marshes and salt lakes with quicksands and dunes; these areas proved hazardous to vehicles and difficult to survey on foot. The nature of the terrain meant that although the survey has established the broad range, distribution and concentrations of sites present, it is possible that some sites have not been identified. Sites such as prehistoric burials and occupation scatters may survive locally in areas not yet subject to quarrying or development. It is important to note that certain categories of archaeological site are difficult to recognise via non-intrusive field survey, in particular, artefact scatters and dispersed occupation areas. It is also possible that sites may remain buried and only be discovered in the course of ground clearance works. This is normal and a ground clearance protocol should be implemented prior to the setting out of construction areas. Chance find procedures should also be applied during the 3D Seismic Survey. Figure 5D.1 Overview of Archaeology and Cultural Heritage Survey Areas, Sites and Findspots, 2015
Figure 5D.2 Archaeology and Cultural Heritage Survey Areas, Sites and Findspots, Area PA1
Figure 5D.3 Overview of Archaeology and Cultural Heritage Survey Areas, Sites and Findspots, Area PA2
Figure 5D.4 Overview of Archaeology and Cultural Heritage Survey Areas, Sites and Findspots, Area PA3
Topography and Ground Conditions The relatively low-lying Absheron Peninsula has a semi-arid climate. Many archaeological sites are relatively shallow surface sites with little depth of stratigraphy, due to erosion and limited soil formation above the limestone pavement. In areas of sand accumulation, sites can be buried by between 0.5m and over 1m of wind-blown sands. The Caspian Sea has been subject to multiple fluctuations in sea levels over time, with recorded sequences of succession and regression4. As a result, a number of ancient settlements and fortifications have been claimed by rising sea levels, resulting in submerged archaeological landscapes off the coast at Bibiheybat and Sabail, southwest of Baku. Conversely, sites which were once located on the sea shore may now lie inland on raised terraces. The Absheron Peninsula, including much of the 3D Seismic Survey Area in the vicinity of Bibiheybat, Hovsan, Turkan and Zira (PA1 and western extent of PA2), has been subject to extensive ground disturbance, including past oil prospection, limestone and sand quarrying, urban and agricultural development. Many archaeological sites identified on the MoCT’s lists have been removed as a result of these activities.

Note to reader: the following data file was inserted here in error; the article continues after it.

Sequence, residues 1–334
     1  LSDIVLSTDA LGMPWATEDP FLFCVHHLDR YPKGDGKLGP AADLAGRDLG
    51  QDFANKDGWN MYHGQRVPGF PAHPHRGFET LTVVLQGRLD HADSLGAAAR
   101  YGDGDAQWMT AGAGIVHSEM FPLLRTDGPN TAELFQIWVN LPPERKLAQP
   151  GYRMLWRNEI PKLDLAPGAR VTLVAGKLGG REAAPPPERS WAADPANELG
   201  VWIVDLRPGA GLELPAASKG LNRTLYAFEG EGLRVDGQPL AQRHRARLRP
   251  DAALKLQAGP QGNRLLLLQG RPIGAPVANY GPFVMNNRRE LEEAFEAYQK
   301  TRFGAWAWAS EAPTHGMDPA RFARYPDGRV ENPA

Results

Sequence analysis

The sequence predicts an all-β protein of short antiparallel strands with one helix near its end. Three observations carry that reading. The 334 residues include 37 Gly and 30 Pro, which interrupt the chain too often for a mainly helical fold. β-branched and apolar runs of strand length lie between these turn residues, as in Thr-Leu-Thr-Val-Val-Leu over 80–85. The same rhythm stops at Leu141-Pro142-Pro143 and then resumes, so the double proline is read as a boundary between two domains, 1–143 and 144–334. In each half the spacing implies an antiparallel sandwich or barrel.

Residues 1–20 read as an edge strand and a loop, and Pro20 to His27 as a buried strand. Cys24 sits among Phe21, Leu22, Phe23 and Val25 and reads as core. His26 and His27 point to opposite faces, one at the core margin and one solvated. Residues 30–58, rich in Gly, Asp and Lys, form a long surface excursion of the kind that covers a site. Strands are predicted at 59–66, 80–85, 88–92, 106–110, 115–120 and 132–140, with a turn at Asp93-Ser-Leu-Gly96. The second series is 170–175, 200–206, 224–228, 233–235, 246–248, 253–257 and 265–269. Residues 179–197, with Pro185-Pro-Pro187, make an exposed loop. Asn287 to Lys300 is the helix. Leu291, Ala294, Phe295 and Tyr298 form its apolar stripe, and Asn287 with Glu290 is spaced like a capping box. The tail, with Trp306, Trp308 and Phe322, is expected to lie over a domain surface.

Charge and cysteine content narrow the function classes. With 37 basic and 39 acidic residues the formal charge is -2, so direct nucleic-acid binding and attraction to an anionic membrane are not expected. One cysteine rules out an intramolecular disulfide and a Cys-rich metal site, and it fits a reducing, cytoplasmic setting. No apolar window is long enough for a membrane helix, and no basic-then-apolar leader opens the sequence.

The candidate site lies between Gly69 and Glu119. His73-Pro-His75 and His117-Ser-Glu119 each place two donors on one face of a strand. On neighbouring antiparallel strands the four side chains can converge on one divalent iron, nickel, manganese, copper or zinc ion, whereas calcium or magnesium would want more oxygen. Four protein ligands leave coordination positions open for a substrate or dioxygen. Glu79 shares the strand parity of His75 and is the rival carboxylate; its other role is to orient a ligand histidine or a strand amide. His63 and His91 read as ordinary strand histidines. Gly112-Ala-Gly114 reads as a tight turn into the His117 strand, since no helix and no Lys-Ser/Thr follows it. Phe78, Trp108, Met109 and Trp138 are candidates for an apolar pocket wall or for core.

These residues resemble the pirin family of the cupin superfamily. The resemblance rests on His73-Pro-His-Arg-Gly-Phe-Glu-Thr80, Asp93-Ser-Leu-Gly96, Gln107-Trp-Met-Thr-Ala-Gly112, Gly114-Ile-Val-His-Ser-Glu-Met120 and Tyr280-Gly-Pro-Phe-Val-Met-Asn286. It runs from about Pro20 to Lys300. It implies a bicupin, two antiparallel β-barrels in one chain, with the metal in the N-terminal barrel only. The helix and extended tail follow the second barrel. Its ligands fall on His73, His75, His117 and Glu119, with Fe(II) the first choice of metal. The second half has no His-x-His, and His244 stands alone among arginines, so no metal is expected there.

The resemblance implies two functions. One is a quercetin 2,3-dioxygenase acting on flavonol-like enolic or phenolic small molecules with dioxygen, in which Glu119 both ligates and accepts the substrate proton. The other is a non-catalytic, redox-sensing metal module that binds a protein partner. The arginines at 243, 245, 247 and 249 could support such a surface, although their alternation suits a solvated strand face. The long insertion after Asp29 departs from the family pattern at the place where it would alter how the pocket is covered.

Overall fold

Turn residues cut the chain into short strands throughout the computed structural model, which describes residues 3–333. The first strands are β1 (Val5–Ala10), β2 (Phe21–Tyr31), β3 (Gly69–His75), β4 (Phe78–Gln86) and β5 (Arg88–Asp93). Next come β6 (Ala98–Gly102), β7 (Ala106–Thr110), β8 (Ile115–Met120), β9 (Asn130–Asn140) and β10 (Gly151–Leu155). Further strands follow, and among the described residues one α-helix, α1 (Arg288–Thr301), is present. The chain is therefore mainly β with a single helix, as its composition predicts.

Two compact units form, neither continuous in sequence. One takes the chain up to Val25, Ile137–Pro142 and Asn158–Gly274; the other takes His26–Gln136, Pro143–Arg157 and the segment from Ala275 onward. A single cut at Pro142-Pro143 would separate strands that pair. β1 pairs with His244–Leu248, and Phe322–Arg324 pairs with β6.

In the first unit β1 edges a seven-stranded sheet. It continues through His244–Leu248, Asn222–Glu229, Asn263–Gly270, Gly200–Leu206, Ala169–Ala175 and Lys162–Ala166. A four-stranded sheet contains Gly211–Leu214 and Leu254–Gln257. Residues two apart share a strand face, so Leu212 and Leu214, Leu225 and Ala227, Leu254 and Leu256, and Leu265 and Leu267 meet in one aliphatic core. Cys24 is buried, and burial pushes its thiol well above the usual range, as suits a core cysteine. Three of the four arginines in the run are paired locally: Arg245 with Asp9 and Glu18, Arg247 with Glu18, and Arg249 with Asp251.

4 Kvachidze, V.A., and Veliyev, S.S., 1997. “Periodichnost izmeneniya urovnya Kaspiyskogo morya v istoricheskoye vremya” (Periodicity of change in the level of the Caspian Sea in history). Reports of the Academy of Sciences of Azerbaijan, 1997, No. 1 [In Russian]; Karpychev, Y.A., 2001. "Variations in the Caspian Sea Level in the Historic Epoch," Water Resources 28/1, 5; Mamedov A.V., and Veliyev C.C., [Мамедов А.В., Велиев С.С.] 1980. Колебания уровня Каспийского моря в историческое время. Изв. А Н Азерб. ССР, серия наук о Земле, 1980, №5, с.33-38 [Fluctuations in the level of the Caspian Sea historical time. Math. AN Azerb. SSR series of Earth Sciences, 1980, №5, s.33-38]
Archaeology and Cultural Heritage Baseline Designated Archaeological, Cultural and Historical Sites There are no internationally recognised or designated cultural heritage features or areas within the 3D Seismic Survey Area. The closest UNESCO World Heritage Sites5 to the onshore